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Cardiovascular events in U.S. RA patients fall to non-RA level


 

REPORTING FROM EULAR 2019 CONGRESS

– U.S. patients with rheumatoid arthritis stopped having an excess of cardiovascular disease events during the 2000s.

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During both the 1980s and 1990s, patients with rheumatoid arthritis (RA) residing in a 27-county region in southeastern Minnesota and northwestern Wisconsin had cardiovascular disease event rates that were more than twice the rates in similar adults without RA, but that changed during the 2000s, Elena Myasoedova, MD, said in a poster she presented at the European Congress of Rheumatology. During 2000-2009, RA patients enrolled in the Rochester (Minn.) Epidemiology Project had an incidence of cardiovascular disease events at a rate that was 12% lower, compared with matched adults without RA who were also enrolled in the same regional database, reported Dr. Myasoedova, a rheumatologist at the Mayo Clinic in Rochester, and her associates.

“We hypothesize that improved management of RA, including implementation of a treat-to-target strategy and the introduction of biological drugs could have influenced this, as well as increased awareness of and improved prevention of cardiovascular disease,” Dr. Myasoedova said in an interview. The findings “give us a hint that tight control of RA disease activity is also likely to help cardiovascular disease burden.”

She and her associates identified 906 people enrolled in the Rochester Epidemiology Project who had incident RA based on the 1987 criteria of the American College of Rheumatology and matched them by age, sex, and index year with 905 people in the registry without RA. These cohorts included roughly 200 people from each subgroup tracked during the 1980s, 300 from each subgroup tracked during the 1990s, and about 400 in each subgroup tracked during the 2000s. They averaged about 56 years old, and about two-thirds were women.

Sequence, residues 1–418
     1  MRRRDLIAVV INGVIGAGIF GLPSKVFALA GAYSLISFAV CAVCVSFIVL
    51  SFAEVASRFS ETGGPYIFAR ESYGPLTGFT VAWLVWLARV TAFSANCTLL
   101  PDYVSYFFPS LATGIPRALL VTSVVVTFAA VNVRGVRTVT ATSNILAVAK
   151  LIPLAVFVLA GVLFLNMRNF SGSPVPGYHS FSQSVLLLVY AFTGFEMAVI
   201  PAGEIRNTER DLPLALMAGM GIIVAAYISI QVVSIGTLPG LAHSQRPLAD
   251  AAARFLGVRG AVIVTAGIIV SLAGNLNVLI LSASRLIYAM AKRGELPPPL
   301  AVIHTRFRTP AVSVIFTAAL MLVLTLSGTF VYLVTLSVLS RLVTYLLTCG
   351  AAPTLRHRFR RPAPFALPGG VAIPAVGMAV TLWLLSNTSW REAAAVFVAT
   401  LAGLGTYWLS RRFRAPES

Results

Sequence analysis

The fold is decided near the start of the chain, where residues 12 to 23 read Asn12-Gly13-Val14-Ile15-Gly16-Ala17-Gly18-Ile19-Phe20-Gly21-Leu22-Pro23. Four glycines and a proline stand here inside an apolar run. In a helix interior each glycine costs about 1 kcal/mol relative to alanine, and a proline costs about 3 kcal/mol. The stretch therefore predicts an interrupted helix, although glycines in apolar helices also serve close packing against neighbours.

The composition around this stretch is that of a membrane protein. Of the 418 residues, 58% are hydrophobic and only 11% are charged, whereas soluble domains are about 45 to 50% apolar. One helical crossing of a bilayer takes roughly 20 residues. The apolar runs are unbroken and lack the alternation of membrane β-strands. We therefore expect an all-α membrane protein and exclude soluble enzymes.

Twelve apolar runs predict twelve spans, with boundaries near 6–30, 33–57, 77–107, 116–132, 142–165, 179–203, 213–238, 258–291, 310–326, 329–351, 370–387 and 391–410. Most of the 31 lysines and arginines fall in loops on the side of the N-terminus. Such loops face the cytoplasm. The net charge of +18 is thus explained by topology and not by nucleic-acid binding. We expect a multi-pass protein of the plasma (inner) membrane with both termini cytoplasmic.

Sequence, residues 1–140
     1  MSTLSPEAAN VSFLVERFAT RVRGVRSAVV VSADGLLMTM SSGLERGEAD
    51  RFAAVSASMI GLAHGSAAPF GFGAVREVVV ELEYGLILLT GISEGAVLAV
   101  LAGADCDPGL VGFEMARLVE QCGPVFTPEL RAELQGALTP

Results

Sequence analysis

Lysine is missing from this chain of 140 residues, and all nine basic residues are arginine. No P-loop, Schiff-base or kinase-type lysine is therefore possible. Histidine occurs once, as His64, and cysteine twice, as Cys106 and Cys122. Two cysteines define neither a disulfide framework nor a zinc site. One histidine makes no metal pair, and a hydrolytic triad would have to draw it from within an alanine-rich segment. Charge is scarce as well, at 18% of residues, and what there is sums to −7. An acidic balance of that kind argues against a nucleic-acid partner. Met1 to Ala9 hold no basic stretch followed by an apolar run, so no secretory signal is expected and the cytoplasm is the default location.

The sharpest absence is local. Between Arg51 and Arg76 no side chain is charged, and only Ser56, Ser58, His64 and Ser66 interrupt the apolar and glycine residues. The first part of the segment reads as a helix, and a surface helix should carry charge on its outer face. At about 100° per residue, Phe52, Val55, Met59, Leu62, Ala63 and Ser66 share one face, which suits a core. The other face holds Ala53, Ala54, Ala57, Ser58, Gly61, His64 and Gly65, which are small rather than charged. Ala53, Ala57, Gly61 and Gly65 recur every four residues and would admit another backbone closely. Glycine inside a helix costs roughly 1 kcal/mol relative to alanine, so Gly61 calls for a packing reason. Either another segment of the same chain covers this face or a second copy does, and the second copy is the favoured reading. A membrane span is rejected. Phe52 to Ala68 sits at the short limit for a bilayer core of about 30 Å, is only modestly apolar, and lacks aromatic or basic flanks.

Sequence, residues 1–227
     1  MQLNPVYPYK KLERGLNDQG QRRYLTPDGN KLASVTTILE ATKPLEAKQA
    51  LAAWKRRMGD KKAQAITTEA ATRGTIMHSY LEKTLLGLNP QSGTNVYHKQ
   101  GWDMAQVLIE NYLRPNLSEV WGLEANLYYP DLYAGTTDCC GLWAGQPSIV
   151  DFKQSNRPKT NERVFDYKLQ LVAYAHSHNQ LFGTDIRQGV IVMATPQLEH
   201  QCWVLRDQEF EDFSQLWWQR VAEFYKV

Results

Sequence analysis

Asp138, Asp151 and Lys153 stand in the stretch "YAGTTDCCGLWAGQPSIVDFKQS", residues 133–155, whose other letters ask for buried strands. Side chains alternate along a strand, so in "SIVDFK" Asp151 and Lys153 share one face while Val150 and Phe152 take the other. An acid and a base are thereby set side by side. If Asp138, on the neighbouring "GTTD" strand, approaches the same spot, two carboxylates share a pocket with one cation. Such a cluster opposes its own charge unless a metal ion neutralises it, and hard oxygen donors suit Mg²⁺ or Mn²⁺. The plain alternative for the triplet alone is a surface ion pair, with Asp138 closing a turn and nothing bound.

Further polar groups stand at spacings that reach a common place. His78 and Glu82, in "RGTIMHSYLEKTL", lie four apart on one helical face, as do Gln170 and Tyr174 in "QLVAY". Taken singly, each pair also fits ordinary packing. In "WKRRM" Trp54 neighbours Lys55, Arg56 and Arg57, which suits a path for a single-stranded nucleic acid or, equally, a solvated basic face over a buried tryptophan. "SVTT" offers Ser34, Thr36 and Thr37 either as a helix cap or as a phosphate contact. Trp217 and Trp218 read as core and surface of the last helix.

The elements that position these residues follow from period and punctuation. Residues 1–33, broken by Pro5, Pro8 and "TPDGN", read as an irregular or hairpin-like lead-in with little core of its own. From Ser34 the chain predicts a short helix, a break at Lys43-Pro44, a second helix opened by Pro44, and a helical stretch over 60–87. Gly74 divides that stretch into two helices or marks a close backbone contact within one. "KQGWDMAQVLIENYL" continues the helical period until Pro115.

During the 1980s, the cumulative incidence of nonfatal MI, nonfatal stroke, or cardiovascular disease (CVD) death was 2.11-fold more common among the RA patients than in the matched controls without RA, and during the 1990s this ratio showed a 2.13-fold excess of CVD events among the RA patients. The between-group differences in both decades were statistically significant. During the 2000s, the RA patients actually had a nominally lower rate of CVD events, at 0.88 times the rate of the controls, a difference that was not statistically significant.

Dr. Myasoedova and her associates had previously reported a similar finding in an analysis that used a smaller number of people and focused exclusively on rates of CVD (J Rheumatol. 2017 Jun;44[6]:732-9).

A few factors limit the generalizability of the finding, Dr. Myasoedova cautioned. First, the population studied was about 90% white. Also, people in the Rochester Epidemiology Project receive their medical care from clinicians at the Mayo Clinic or an affiliated hospital in the region covered by the Project.

“These data are from a large, tertiary care center,” and so the findings are most directly applicable to patients who receive medical care in a similar setting that provides guideline-directed management of both RA and CVD risk.

A long-standing hypothesis is that CVD has an inflammatory component. These data support that concept by suggesting that when inflammatory disease is well controlled in RA patients, their CVD risk drops, Dr. Myasoedova said. “CVD has been seen as the number one comorbidity for RA patients, and it remains that way, but it’s very reassuring that the CVD rate has improved. It shows we’re doing something right.”

The study received no commercial funding. Dr. Myasoedova had no relevant disclosures.

SOURCE: Myasoedova E et al. Ann Rheum Dis. Jun 2019;78(Suppl 2):1024-5. Abstract FRI0654. DOI: 10.1136/annrheumdis-2019-eular.4996.

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